“I see beauty in the ugly,” Richard Harris says in this Chronicle of Higher Education article, “A Healthy Mania for the Macabre.”
One theme of my memoir (forthcoming Spring 2013 from the University of Minnesota Press) is the surface beauty that I saw in cemeteries. Geometric patterns in gravestones. Historic etchings. Flowers. Neatly trimmed grass and shrubs.
I don’t collect the macabre, but I’m drawn to it. One book I read a few years ago in my research was Sleeping Beauty: Memorial Photography in America. The Victorian era yielded some stunning images of the dead. The reason behind this photography was simple, and the intent far from disturbing: this might be the only image that exists of a family member, especially if the deceased were young. Or families wanted one final portrait with the entire clan, death be damned.
If I had more time, I would try to collect post-mortem photos considering my interest in photography and cemeteries. A quick search on the Internet turns up several sites dedicated to post-mortem photography.
According to the Chronicle article, art historian Paul Koudounaris “suggested that our culture sees death as disgusting and alien because we deny its inevitability.” People who collect the macabre are confronting the reality. What do you think?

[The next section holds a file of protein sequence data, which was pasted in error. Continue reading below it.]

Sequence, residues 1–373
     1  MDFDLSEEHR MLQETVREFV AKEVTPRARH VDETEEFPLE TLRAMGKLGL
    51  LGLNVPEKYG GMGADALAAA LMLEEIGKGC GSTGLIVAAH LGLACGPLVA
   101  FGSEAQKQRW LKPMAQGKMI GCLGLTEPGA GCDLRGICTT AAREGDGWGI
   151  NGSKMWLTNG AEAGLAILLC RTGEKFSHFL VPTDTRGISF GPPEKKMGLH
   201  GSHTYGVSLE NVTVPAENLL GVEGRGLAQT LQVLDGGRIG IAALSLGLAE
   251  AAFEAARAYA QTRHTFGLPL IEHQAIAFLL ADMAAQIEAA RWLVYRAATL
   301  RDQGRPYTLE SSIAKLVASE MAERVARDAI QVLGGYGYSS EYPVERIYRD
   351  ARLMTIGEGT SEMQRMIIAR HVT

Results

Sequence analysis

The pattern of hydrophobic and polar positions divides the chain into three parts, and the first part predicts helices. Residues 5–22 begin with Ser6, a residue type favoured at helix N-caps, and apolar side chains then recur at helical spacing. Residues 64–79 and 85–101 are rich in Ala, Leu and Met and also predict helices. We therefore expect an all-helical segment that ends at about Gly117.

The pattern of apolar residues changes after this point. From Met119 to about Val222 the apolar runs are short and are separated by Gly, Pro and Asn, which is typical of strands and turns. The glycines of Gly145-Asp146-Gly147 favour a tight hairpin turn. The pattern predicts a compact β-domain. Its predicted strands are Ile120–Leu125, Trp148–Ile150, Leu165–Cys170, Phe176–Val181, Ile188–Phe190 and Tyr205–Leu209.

Do you collect anything “dark”? If so, what draws you to it? Have you taken post-mortem photographs of your own? It still happens; I’ve seen people snap photos of the dead at wakes in recent years.
Amy Kortuem said:
I’ve been thinking of this for a few days and looking around at my “collections”. Fire King Jadeite isn’t really a dark obsession. Nor are papier mache trays. Or vintage linens.
But then I looked at the 3 foot tall stack of books about Marilyn Monroe beside my couch and there I saw it: the dark obsession. Fascinating, misunderstood woman. Longing to be the artist she wanted to be, forced into vapid roles by the studios. A delicate soul ravaged by the realities of the industry she worked in.
I finally had to stop reading about her because the story always ends the same way: tragically. I wonder if Titanic fanatics feel the same way – No matter what, it all ends badly. But the obsession is still there for me…
I think Marilyn counts as dark. For all her beauty, there was plenty of darkness.
I read my share of tragic stories over and over hoping that the ending will be different. I actually have a piece about this, but I don’t think it made it into the book. I watch “The Perfect Storm” over and over because I think there might be a small chance the guys make it over the wave at the end this time.
Amy Kortuem said:
Oh, I know. And maybe William Wallace will win (Braveheart), and maybe Mozart won’t die (Amadeus) and maybe they won’t burn Joan of Arch this time (Messenger)…what makes us do that? Good story.